Realize that often there's a story to be told on a resume. If the candidate, for example, didn't just do unit testing, and makefiles but in a personal project found an awesome and fascinating way of using the two together to bootstrap his own automated unit test suite that was initiated on every compilation using a sophisticated set of makefiles -- well, wohoo!, let's talk about it - but what matters here is not the raw skill, but the project - put it in as a personal project in the experience section with a single sentence on the cool part of this work using the relevant key words.

This is where it comes down to wanting to fit as many good things about the candidate as possible onto a page, while making sure you make the resume easy enough for a manager to read. The stuff you call out at the top can't just be a raw list for the sake of completeness, it should give the interviewer enough of a sense of the strengths of the candidate that the two can have a productive conversation.

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Thanks for the helpful post. You said: then say something like "gcc Expert" - if not, skip it. But, I never said that I am an expert in any of these. I am expecting the interviewer to ask me about my level in each of these topics and then ask questions accordingly. AH! I get it, it is the words "technical expertise" misleading. Will correct that. –  TheIndependentAquarius Jan 29 '13 at 4:57
    
so I'd think if you were to claim you knew how to compile in GCC, you'd be claiming you knew how to build or edit makefiles. This is not a reality in the place I live. Very few people know the deal about Makefiles. Very few. –  TheIndependentAquarius Jan 29 '13 at 4:58
    
Your overall answer is very helpful. Thanks. –  TheIndependentAquarius Jan 29 '13 at 4:59
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Makefiles - OK, I suppose there's tuning to the area... when I did SW development, I was writing makefiles in a Freshman year CS course, so while it wasn't something that everyone did routinely in my first job, it was something I considered basic enough that I wouldn't have included it. If you find it's a discriminator in your area, include it. The point is to avoid spelling out basic competencies and go with items that make you standout. –  bethlakshmi Jan 29 '13 at 15:32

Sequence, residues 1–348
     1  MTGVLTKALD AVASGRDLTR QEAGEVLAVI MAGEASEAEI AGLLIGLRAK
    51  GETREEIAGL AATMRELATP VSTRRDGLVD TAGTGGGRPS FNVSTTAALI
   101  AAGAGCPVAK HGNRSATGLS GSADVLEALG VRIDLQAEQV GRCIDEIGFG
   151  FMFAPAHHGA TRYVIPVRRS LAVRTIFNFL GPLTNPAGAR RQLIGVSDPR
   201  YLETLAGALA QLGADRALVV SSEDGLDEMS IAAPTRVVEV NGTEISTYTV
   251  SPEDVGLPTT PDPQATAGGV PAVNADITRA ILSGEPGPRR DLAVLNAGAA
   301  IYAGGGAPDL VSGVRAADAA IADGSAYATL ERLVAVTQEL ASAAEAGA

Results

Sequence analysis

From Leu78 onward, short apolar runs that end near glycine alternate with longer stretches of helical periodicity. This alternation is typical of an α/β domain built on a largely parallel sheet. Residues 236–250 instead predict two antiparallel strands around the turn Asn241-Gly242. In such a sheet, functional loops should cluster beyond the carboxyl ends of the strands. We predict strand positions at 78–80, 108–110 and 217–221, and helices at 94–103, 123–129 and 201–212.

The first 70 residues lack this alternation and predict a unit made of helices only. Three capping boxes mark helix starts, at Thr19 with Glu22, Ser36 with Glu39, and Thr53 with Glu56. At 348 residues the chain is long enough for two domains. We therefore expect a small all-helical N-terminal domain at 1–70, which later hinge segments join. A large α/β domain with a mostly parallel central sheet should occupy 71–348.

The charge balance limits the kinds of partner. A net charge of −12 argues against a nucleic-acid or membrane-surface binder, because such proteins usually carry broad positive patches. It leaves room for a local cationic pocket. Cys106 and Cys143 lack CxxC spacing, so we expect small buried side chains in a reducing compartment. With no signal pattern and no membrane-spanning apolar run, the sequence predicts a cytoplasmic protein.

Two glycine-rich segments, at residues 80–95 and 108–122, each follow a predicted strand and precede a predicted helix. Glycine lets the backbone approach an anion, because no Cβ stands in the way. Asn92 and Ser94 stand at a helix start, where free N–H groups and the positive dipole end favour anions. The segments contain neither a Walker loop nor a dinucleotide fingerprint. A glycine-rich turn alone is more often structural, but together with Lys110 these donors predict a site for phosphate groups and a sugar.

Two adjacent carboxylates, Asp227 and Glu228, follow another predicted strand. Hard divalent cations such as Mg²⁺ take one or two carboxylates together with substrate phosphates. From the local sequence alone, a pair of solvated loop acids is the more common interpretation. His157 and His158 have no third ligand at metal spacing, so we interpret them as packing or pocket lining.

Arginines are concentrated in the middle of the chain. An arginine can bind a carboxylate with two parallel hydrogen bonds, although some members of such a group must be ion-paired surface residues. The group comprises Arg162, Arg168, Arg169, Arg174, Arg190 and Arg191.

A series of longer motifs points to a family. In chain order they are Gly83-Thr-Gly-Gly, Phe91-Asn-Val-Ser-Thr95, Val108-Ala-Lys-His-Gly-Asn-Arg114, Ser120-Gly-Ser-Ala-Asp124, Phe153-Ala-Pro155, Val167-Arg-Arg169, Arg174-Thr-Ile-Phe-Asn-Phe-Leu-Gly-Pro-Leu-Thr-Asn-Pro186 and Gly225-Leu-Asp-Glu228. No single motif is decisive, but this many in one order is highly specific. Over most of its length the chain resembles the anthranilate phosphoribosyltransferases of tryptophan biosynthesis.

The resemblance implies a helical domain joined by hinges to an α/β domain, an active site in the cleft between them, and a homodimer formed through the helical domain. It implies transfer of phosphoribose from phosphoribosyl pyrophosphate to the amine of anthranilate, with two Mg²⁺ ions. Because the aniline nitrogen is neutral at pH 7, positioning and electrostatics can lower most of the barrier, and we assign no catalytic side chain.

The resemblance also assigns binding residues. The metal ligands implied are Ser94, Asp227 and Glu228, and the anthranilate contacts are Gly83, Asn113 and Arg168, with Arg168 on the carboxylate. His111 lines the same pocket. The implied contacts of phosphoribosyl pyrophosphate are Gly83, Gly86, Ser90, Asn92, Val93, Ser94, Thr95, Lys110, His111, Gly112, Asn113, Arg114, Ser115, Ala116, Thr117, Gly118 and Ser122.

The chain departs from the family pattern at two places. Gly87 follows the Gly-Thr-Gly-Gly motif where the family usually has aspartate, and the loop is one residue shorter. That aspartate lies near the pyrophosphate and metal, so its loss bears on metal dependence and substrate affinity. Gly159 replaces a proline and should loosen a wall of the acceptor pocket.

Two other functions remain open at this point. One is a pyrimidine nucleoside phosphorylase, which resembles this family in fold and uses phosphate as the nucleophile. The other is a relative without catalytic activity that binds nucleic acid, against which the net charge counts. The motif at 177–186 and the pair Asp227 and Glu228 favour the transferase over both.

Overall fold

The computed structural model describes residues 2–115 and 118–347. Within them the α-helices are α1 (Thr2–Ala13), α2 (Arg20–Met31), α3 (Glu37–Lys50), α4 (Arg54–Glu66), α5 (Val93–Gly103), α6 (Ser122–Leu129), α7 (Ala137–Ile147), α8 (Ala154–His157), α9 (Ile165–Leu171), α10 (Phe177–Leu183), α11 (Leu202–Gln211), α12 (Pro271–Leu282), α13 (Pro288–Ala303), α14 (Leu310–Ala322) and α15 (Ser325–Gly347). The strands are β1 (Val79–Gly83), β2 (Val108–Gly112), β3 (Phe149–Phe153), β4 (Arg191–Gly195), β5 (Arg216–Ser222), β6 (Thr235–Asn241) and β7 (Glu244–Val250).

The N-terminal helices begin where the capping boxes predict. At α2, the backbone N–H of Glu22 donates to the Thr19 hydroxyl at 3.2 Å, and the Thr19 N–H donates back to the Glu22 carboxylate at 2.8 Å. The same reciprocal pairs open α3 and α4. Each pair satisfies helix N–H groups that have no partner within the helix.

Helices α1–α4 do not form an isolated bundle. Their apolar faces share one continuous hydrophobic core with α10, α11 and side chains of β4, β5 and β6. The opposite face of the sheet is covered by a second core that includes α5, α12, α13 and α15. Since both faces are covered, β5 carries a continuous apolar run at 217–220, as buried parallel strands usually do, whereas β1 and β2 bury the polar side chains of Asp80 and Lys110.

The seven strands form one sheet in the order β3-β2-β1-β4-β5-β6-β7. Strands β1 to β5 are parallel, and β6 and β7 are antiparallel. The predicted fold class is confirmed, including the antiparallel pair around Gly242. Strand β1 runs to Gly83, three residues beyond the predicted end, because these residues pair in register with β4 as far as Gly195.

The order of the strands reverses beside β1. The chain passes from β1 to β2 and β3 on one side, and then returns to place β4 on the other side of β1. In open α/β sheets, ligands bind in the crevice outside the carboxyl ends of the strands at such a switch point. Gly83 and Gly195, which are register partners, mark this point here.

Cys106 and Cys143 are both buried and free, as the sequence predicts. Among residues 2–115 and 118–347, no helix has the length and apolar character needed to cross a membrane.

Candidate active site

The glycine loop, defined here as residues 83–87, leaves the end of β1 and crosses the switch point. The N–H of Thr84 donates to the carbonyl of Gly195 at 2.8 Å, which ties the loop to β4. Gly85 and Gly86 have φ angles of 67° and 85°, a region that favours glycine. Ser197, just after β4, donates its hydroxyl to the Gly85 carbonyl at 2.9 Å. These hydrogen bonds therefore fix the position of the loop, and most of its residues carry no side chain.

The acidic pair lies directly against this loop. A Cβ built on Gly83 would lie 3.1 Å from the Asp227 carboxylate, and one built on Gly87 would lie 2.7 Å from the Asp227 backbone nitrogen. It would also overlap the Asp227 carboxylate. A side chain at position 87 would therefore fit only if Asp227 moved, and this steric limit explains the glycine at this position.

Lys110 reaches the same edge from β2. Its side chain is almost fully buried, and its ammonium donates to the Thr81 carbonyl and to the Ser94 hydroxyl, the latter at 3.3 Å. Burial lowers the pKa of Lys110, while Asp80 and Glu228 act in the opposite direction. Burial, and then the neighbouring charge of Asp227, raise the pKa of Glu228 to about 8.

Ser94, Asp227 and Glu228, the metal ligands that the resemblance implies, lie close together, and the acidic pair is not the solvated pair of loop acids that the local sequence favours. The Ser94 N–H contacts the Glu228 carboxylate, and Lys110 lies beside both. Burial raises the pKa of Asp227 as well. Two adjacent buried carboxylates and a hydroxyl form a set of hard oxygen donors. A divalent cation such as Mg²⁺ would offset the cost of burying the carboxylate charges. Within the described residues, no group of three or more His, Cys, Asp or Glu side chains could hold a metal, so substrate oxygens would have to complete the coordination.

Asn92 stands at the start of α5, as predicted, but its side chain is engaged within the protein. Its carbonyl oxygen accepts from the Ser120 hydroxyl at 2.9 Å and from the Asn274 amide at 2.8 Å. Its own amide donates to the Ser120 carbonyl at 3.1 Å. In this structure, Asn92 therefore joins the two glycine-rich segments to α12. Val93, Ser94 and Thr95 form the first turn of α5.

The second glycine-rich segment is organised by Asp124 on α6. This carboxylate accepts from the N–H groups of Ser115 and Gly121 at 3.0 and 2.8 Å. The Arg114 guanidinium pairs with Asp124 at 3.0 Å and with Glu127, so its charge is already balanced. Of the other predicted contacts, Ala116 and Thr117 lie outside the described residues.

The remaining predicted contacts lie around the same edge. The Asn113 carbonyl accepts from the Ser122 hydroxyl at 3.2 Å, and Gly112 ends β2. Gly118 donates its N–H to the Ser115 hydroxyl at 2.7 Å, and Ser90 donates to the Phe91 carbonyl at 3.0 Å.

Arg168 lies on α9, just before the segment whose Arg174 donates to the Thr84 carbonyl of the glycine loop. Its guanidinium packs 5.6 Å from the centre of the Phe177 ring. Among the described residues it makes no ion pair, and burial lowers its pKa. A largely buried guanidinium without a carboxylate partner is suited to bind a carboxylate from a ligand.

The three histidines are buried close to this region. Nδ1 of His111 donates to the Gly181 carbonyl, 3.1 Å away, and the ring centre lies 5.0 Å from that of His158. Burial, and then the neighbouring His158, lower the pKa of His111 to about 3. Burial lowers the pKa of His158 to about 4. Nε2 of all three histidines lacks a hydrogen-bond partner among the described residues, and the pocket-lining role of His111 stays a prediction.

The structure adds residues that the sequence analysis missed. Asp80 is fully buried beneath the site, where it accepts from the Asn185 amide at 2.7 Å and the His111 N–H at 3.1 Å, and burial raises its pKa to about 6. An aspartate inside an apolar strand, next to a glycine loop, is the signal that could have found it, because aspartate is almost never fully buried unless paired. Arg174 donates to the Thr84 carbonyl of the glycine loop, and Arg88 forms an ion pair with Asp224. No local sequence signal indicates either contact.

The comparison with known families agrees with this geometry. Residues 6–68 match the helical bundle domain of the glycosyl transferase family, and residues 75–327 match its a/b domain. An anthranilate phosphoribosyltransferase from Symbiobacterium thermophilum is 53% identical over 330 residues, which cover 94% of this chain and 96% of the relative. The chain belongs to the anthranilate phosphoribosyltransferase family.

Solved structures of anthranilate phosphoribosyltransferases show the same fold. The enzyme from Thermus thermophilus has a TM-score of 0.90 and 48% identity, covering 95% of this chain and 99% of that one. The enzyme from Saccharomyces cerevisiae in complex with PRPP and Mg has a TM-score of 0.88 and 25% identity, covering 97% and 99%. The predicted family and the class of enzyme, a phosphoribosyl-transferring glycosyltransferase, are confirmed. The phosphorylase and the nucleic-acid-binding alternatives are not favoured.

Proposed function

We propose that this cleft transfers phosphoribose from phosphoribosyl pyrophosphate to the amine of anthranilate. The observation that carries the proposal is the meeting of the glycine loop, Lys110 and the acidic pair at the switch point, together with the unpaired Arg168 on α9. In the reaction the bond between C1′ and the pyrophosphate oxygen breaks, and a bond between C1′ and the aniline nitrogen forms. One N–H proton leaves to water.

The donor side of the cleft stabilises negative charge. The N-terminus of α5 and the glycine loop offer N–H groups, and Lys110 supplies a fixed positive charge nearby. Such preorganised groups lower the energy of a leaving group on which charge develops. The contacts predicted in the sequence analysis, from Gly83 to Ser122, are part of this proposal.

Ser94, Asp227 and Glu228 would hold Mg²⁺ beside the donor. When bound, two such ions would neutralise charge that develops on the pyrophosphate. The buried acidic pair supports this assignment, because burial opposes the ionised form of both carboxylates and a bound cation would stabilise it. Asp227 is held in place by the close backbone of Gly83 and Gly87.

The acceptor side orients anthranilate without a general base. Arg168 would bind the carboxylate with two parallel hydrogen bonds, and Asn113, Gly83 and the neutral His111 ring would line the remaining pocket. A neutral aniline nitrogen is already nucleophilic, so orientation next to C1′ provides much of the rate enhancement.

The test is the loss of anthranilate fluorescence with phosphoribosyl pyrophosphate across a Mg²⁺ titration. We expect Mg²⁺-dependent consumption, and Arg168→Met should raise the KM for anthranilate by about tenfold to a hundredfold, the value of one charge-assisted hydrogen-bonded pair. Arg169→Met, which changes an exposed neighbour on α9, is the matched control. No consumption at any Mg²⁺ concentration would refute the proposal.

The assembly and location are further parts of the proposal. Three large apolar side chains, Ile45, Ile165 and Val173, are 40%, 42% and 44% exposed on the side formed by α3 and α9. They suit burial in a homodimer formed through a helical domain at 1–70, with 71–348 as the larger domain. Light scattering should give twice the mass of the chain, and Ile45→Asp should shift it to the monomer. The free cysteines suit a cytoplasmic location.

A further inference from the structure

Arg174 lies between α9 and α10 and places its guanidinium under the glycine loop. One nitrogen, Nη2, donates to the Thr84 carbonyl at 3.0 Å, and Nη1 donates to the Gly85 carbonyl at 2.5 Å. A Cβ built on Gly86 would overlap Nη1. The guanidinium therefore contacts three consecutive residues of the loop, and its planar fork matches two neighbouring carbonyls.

I would say that yes, it does make sense. Quite often the concepts are more important than the individual languages, frameworks or other tools. Moreover new tools are easy to pick (if you understand the concepts), but new concepts might not be. Also your "technical expertise" as listed in the question tells me nothing about whether or not you understand sockets, for example. On the other hand, I do not really care that much if you have officially worked on something or not, as long as you know what you are talking about and can show that in an interview.

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Where should it be included then? On the top, or bottom, or in a separate area to get more attention? –  TheIndependentAquarius Jan 28 '13 at 8:58
    
Thanks for the helpful post. –  TheIndependentAquarius Jan 29 '13 at 5:00

I agree that they should be placed, in order to demonstrate on what you were working on, as well as to help people or automated tools that search for someone that knows Unit Testing (for example).

In my opinion the skills should not be too vague (such as "Object Oriented programming", "Java") so that there won't be the impression that they are there in order to inflate the CV with extra buzzwords.

Best place to put them, would be within the description of the job position and the work being done there.

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thanks to you too. –  TheIndependentAquarius Jan 29 '13 at 5:00

Remember that your resume will probably find its way past a parser at some point. As such, adding a section like this - and making it as complete as possible - is only a help to you! Obviously, if you include a "buzzword" you should be able to back it up in an interview, but including the concept on the resume prevents the parser from denying you that interview in the first place.

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Thanks for the parser reminder. –  TheIndependentAquarius Jan 29 '13 at 4:59

Its a great idea to add concepts and i will add these, too in future .

In Germany a resumee should not be longer than one page.

Therefore i have an extra document "skills and experience" where i put platforms, languages, concepts .... Over the time this document has grown to 6 pages.

The person reading the resumee can decide himself if he wants to read this extra document or not.

If i apply for a new customer i remove the stuff from this document, that ist not important and/or outdated (z80/6502 assembler, programming dos2.0)